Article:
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Edge of Darkness
Genre Thriller

It's been a good 8 years since Mel Gibson had to have that chat with the top half of his wife in Signs. Since then he's been spotted in Papparazzi, The Singing Detective and a TV series called Complete Savages. Speaking of savages, he's also directed two blood-thirsty yet critically-acclaimed films in The Passion of the Christ and Apocalypto. So it'd be fair to say that Edge of Darkness marks his return after a long break from acting ever since he agreed to star in that high concept movie with Helen Hunt.

Now between Mad Max (1979) and The Patriot (2000), there was very little the Australian could do wrong. In Hollywood, he was basically on an equal footing to Bruce Willis. However, he soon dropped down to Tom Selleck status after a series of DUIs and derogatory comments. What happened!? I guess no one will really know the truth, unless he stoops to one of those tell-all autobiographies. The sad truth is that we'll probably all turn back the clock to those 21 golden boy years when he eventually bites the dust... dismissing the rotten period for a bit of post-Hollywood solemnity.

So it was quite a gutsy move for Mel to show his face on screen again. The Hollywood moguls weren't having it... so he managed to crack the nod with BBC Films in a daring cross-Atlantic departure from their classic tea and scones eco-thriller TV series, Edge of Darkness (1985). Gibson plays Thomas Craven, a Boston detective on a mission to find his daughter's killers and uncover the dark secrets behind her illness and assassination. It stinks of Taken without the hope of rescuing a kidnapped daughter, the lightning pace and Liam Neeson. This is a slower film giving more credence to the drama, written by William Monahan (The Departed) and Andrew Bovell (Lantana), and directed by Martin Campbell (Casino Royale).

On paper, it's should be firing on all cylinders... channeling Gibson's dark days into a character, who could easily be Max Payne. In fact, it's a tragedy that Gibson wasn't cast as Payne after that dazzling disaster of a video game adaptation starring Mark Wahlberg. Mel's got the turmoil bubbling over, but doesn't have that cheeky trademark smirk, which allowed him to get away with a mullet and a nude moonlit walk in Lethal Weapon. He's lost that sparkle and looks 10 years older... it's been a tough few years in the media spotlight.

He proved he could do revenge with Payback and follows that role up with a pretty convincing performance as Thomas Craven in Edge of Darkness. The film is an adaptation of a cult TV series revolving around British government nuclear policy in the '80s and aims for a mixture of Chinatown, Scarface and Taken in the hands of The Departed's Oscar-winning writer, William Monahan. However, it's a misfire and shows why the original was a TV series and not a feature film, devolving into a complete mess. Nukes, viruses, conspiracy and revenge plots mingle like several episodes of the X-Files without Scully. Not only are they missing the gorgeous redhead, but they've also forgotten Mrs. Craven. It's like they surgically removed her from the plot as Emma's death doesn't even warrant mention of the mother's whereabouts. We're left to assume she was either a test tube baby or an orphan as Mrs. Craven remains absent from all proceedings, including Emma's funeral and the afterlife.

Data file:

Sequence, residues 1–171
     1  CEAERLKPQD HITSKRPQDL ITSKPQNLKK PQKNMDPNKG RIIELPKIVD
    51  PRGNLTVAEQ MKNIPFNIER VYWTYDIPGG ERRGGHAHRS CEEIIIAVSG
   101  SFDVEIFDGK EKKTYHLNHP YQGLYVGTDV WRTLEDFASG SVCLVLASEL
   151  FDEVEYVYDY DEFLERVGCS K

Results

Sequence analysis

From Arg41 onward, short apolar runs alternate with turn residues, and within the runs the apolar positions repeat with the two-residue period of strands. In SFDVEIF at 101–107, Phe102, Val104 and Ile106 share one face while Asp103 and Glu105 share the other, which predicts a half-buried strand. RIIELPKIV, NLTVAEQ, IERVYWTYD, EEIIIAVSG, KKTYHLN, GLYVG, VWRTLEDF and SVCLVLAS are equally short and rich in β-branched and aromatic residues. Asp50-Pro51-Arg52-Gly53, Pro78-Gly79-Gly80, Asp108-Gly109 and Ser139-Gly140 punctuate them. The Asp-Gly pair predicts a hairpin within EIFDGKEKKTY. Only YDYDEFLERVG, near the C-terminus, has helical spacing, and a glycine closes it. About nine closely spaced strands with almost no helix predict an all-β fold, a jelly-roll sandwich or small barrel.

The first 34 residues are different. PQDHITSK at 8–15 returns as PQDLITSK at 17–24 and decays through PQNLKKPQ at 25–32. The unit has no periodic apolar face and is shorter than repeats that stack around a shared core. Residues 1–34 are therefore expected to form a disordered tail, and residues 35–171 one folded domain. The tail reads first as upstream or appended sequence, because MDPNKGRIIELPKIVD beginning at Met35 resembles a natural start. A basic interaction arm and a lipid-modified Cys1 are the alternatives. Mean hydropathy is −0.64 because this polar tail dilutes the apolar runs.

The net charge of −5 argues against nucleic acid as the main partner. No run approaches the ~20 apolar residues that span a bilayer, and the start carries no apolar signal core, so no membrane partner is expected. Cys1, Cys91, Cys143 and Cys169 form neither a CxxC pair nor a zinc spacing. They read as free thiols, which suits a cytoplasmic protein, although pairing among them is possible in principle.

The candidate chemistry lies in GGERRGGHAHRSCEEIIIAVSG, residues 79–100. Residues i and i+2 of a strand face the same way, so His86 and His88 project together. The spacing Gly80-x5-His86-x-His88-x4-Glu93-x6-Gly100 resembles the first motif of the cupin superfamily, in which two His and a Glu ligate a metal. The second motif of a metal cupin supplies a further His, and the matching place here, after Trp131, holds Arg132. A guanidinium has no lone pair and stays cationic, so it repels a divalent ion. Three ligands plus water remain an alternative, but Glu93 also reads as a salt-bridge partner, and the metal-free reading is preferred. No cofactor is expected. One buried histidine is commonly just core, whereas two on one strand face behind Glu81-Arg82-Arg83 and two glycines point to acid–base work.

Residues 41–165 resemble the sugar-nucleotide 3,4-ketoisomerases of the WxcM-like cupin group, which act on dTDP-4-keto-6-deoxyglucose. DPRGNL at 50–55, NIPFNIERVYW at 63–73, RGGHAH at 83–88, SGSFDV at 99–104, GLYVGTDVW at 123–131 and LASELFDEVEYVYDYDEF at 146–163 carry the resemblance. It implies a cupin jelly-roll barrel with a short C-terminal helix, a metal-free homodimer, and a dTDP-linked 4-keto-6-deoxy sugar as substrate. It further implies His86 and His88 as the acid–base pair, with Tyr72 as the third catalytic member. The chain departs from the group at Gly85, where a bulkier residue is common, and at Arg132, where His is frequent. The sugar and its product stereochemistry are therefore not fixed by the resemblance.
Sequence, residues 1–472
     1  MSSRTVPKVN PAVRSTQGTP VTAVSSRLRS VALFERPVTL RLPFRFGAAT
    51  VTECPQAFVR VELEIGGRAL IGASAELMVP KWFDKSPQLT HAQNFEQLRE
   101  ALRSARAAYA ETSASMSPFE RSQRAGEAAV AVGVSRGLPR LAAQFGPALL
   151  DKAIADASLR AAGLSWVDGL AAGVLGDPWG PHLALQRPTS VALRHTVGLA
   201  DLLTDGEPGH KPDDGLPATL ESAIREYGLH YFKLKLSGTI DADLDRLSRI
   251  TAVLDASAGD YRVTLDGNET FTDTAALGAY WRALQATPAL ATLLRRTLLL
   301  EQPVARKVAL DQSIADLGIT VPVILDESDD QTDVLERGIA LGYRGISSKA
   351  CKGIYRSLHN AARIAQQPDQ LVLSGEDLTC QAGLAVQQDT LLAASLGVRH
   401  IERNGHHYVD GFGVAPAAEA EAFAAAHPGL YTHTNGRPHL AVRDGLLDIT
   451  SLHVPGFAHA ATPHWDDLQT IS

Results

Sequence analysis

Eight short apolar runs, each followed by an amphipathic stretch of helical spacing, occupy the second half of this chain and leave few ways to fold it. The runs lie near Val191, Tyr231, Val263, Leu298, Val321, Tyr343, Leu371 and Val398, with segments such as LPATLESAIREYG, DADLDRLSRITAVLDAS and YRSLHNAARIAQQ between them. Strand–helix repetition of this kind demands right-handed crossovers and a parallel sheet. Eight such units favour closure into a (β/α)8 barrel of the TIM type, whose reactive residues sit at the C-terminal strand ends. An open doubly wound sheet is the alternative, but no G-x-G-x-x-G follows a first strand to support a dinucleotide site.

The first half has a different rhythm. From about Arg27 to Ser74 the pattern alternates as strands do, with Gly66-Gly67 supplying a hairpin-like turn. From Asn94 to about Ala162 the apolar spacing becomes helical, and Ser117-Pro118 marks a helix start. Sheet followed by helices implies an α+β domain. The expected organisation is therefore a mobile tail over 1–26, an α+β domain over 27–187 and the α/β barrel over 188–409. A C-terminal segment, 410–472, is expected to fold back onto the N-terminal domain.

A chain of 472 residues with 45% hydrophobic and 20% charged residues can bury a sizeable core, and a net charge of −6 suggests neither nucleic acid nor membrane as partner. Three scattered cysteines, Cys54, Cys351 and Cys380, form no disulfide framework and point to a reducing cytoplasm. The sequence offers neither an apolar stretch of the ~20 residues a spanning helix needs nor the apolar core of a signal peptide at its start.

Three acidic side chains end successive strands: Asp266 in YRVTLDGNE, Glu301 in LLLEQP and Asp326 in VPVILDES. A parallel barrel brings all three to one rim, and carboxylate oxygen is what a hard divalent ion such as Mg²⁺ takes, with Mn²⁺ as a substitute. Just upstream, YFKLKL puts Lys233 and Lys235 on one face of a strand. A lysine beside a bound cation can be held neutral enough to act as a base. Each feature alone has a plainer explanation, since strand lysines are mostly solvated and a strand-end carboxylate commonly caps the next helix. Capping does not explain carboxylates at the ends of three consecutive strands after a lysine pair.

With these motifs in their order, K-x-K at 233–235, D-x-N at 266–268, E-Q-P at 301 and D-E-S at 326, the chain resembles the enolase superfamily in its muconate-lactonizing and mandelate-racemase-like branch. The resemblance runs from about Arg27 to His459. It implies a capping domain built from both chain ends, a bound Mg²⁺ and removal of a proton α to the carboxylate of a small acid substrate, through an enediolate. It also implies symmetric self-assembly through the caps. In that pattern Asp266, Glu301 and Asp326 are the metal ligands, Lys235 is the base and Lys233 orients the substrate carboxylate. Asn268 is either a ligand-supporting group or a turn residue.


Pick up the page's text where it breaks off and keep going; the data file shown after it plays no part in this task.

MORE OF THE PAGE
It's one of those modern Film Noir wannabes, which occasionally surprises the audience with a glimmer of brilliance, only to shift back into neutral. The sluggish pace actually works with great effect when it's short, sharp bursts of action and sudden reflex set pieces. Gibson's performance is strong enough to suspend the narrative, but there's only so much BS an actor can absorb before the whole mystery unravels to reveal... nothing. Perhaps Edge of Darkness would have been more effective if they'd given Craven a few days to find the cure to the virus to save his child, rather than embarking on a post-mortem operation with no redemptive reward besides revenge.

The Departed was elevated by its cast and legendary crime director in Scorsese and Monahan's writing just fitted more snugly. Edge of Darkness lacks the same finesse, generating a little interest from the overarching mystery but forgoing any real depth besides Craven's development as a father figure. The scatter-shot script feels like it was written on set, evolving genres and entertaining influences as the minutes slip by. Three converging plots of a personal vendetta, a government cover-up and a political conspiracy all seem to meet at a crossroads, pile-up and leave no survivors.

The production values, classic vendetta scenario, film noir mystery and star power in Mel Gibson, Ray Winstone and Danny Huston make you want to like Edge of Darkness, but it's like watching a train smash in slow-motion. The TV series adaptation probably garnered renewed interest with its ecological slant, but the issues at hand seem tired and it would've been better if they'd kept it British and more '80s. State of Play translated well on American soil with a more generic political plot, but Edge of Darkness just doesn't have the same reach. So there it is... a dark, contemporary film noir detective thriller with noble intentions that spun out of control somewhere along the line - only entertaining if you steer towards the edge of reason.

The bottom line: Half-baked.



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